GF: It was done on H Stage at Shepperton. The town that you could see from the point of view from the forest was a model, so that was scaled down, so in other words H Stage was full of forest. At one end of it was a scaled down version of the cliff which you saw them climb up and down to get to the level of the city. We skirted over it a bit, on the precipice when the Thals appeared we did more shots of them climbing up, it was supposed to be much higher. What happens if you ever do it, the lenses were anamorphic, which is the wide lens. Now all the points of view of the TARDIS etc, we didn't shoot anamorphic, we shot them on normal thirty five mil. Now the reason it was strange and weird and the forest looked wrong was that all points of view were not shot wide screen but they were projected wide screen, in other words it was distorted. And all the mood scenes(?), if there was a person in it, then it was shot normal, if there wasn't a person in it, or if there was a Thal in it, it was shot without the anamorphic lens being put in, we put in a normal lens and when it was projected through the [?indistinct?], developed through the anamorphic, it was all pulled and distorted and that's how the thing looks like here. That was my idea. It happened actually because on Wednesdays I had gone into see normal rushes and the person who had been in before me had been seeing stuff anamorphic, and they hadn't taken the anamorphic lens out of the projector, and when I saw this I thought, we can use that.

The forest was a fair size, there was this funny lake with this thing in it, it was a big stage but it wasn't a huge set, but it was quite a decent set for a modest.., I mean it was simply plaster trees, the breakaway branches were on a metal pin, there were lots the same, so if one broke before it was supposed to you just put in another one, they were replaceable. I would think the whole thing took no more than six weeks to shoot. It certainly wasn't longer than that, and it might have been less. The interior of the Dalek city and the big control centre was being built on another stage, then we went back onto H Stage for the saucer. Except that was the other film, but that would have been the same pattern. If you didn't put the next set on another stage you would have to stop shooting, it would be impossible to do that.

DJ: Moving on to the Dalek city, you were presumably aware of the limitations of the Daleks?

GF: Yes, they couldn't go up stairs and they couldn't travel on anything that wasn't smooth. The designer, having taken on board that information about the Daleks, the sets were built that facilitated them as opposed to humans. Like the doors opened from the centre wide at the bottom, narrow at the top. That idea came from the designer, because that's the right shape for a Dalek as opposed to a person. It was designed by Daleks for Daleks. When we got all the Daleks together and they were all grey and blue, it was difficult to identify them, and we had a mass of them, the BBC only had about four, and we made all these other coloured ones; and the other thing was I don't think they had any flashing, we had to lights vaguely synchronised to the speech. We helped it by having higher ranking ones like golds and blues and reds, and the boss ones came in and were treated like it, you shot it as though someone important had come in. The thing about it was that you had to do it because they were all operated by people inside them, what you needed was fairly small but quite strong people. (You ended up using the same ones as were used by the BBC) A lot of the ones we used were dancers because they were small and strong, because it was actually quite tiring to move those bloody things around.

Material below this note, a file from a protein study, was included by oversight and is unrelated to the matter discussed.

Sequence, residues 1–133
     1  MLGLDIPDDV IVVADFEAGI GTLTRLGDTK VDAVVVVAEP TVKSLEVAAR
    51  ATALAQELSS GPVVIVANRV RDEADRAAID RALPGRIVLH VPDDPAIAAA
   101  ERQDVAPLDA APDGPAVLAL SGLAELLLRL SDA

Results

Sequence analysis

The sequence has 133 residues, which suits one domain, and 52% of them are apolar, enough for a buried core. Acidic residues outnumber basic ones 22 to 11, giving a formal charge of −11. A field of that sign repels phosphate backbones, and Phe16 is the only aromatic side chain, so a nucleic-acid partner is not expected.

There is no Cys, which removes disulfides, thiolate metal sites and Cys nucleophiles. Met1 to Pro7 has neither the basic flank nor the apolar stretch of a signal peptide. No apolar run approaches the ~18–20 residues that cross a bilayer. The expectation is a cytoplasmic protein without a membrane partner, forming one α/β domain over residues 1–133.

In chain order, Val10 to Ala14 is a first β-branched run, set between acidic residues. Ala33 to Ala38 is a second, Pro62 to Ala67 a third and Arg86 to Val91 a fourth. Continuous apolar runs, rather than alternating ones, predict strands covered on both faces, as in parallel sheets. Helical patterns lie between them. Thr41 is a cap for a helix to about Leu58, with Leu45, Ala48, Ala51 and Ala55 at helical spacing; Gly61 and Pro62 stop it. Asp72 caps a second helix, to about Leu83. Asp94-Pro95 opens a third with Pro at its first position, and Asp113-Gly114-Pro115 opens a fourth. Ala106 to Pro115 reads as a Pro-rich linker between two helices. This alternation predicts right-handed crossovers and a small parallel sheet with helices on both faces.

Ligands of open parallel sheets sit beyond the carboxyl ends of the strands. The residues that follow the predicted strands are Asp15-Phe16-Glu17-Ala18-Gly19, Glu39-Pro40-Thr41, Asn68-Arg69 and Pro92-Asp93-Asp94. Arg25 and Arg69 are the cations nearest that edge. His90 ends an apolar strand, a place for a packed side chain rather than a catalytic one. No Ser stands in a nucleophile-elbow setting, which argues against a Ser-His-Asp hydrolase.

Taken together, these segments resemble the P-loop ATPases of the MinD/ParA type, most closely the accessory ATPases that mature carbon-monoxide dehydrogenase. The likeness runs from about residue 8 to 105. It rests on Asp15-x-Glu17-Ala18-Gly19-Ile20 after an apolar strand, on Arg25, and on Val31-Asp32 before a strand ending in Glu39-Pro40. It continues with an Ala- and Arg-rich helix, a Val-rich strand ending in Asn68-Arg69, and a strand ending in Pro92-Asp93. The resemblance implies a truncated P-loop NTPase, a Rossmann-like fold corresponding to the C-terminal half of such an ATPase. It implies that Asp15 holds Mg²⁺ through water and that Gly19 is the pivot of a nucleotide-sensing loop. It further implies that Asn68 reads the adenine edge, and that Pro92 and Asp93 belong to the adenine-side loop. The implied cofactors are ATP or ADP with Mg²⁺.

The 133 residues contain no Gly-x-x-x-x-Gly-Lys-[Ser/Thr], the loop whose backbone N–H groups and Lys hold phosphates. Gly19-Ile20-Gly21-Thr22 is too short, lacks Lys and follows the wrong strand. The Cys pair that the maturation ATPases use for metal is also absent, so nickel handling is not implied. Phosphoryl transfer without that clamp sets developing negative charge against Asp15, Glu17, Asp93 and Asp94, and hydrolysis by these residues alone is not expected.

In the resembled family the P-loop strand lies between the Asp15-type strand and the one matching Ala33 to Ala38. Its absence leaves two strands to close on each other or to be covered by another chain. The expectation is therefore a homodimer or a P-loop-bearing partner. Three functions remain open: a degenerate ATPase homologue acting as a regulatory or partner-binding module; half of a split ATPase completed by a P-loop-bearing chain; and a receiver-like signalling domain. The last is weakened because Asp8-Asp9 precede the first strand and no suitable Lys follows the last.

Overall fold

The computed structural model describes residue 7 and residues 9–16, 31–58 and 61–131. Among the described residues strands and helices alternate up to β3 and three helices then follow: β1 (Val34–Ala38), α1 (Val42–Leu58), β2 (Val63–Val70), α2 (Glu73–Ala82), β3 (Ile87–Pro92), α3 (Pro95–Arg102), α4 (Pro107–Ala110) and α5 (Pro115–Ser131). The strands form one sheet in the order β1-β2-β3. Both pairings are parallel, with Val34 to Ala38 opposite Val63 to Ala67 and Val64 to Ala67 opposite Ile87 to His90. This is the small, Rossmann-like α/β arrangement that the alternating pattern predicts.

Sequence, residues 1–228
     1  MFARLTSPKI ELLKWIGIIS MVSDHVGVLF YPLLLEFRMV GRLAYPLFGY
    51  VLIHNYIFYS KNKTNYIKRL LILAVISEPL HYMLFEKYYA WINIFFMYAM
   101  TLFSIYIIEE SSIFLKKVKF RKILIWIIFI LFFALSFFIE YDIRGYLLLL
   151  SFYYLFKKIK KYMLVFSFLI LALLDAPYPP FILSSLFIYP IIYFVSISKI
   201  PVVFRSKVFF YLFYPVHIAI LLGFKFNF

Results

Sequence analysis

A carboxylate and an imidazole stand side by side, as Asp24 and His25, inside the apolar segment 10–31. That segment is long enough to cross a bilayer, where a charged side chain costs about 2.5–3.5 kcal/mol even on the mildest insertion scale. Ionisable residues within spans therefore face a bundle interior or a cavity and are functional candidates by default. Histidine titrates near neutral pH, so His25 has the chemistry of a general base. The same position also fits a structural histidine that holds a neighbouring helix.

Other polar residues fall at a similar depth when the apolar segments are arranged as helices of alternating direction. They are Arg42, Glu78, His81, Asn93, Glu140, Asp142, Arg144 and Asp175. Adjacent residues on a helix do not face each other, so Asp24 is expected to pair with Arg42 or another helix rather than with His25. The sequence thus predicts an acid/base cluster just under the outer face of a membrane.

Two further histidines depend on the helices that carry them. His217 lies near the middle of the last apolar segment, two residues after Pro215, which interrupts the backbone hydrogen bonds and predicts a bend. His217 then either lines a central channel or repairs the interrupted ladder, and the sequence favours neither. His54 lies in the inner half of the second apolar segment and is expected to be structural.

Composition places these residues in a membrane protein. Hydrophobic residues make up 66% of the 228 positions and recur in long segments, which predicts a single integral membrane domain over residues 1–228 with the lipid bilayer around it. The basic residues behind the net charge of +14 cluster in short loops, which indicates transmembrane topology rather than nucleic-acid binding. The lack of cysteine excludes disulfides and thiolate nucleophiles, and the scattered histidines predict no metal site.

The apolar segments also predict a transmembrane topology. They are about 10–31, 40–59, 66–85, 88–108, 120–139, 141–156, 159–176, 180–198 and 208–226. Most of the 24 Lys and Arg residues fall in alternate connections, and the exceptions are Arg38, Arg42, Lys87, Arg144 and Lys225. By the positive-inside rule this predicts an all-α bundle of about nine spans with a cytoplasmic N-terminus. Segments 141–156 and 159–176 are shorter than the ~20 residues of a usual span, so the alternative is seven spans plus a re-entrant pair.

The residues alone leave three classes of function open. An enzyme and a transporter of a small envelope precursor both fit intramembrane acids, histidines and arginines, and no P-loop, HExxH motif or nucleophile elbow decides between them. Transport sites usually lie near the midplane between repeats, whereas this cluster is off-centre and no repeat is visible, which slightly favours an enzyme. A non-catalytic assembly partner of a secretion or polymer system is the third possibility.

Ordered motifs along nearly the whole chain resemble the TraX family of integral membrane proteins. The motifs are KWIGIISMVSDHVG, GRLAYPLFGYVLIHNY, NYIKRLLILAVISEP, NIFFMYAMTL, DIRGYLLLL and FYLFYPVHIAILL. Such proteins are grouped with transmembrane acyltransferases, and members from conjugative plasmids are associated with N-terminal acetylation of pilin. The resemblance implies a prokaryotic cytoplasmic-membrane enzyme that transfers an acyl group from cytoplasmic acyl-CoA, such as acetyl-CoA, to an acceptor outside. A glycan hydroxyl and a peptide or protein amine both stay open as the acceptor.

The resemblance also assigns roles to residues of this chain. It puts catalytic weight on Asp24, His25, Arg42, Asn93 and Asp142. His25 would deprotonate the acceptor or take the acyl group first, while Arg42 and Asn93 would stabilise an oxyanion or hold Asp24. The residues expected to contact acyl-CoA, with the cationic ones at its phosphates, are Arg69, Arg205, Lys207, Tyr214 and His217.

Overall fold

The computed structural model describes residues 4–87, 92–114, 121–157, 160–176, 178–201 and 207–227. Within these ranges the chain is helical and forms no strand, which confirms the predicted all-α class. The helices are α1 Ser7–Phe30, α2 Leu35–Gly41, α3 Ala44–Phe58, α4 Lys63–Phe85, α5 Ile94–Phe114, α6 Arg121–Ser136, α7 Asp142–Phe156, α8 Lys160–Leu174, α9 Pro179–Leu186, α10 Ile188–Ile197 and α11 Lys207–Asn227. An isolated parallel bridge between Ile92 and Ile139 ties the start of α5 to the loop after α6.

DJH: One of the main differences with your Daleks was the smoke effect for the exterminators.

GF: It was a fire extinguisher. We added that gas thing because we couldn't afford the ray. It wouldn't have been good enough to just have people fall down, so we wanted something that could be seen.

DJH: Was the Control Room set difficult, with the wall that slid round to show screens and displays etc?

GF: Yes, it was a bit of a problem. That was one stage, it wasn't a very big stage, but that took up a whole stage, and it all had to be rigged because we had to blow it. That was the big ending, that we blew the control room apart, when we put it together we had to think about taking it apart. You construct something that's going to look very good and solid but you know that tomorrow you're coming back to blow this thing up, we needed to cut it apart and put explosives in.

DJH: There's been some comment about the Thals' make-up and costumes being a bit OTT.

GF: There's a very over the top speech at the end by a Thal which is a straight lift from Olivier, it's from Richard III, and it was meant to be Garrick, but you must remember that these things were made for kids. It was only later that people realised that there were adults who were into this whole thing, it was never intended to be that. It wasn't that we were talking down in any way, we were working within that kind of genre and it was a young person's film. For example there was a huge problem over whether we were going to take the Dalek out in sight. No one had ever shown what a Dalek looks like, no one knew what it was, so we then decided that what it was basically was a brain, we decided that why it was inside this thing was because it had lost any form of traction and it was just an intelligence but it had no recognisable features, it had no recognisable voice box, because it sounds electronic, it was an electronically produced sound from inside this machine, so it was a brain; that was what we talked about. I remember going upstairs to talk to the censors about what I was going to show when I took the lid off this thing and how I was going to get round not showing it, because what they were saying was, you are not to show it. If you show something and it's a problem to us, we're going to cut it out, because this is a young person's film; we were going for a U certificate. If it hadn't had a U certificate it wouldn't have succeeded because most children went to see those films without adults, because they could shout and scream and cheer and do what they liked. In the end it was a kind of arm thing, we decided it was a brain with one arm, because it had to be something that worked different things, like firing guns and steering itself.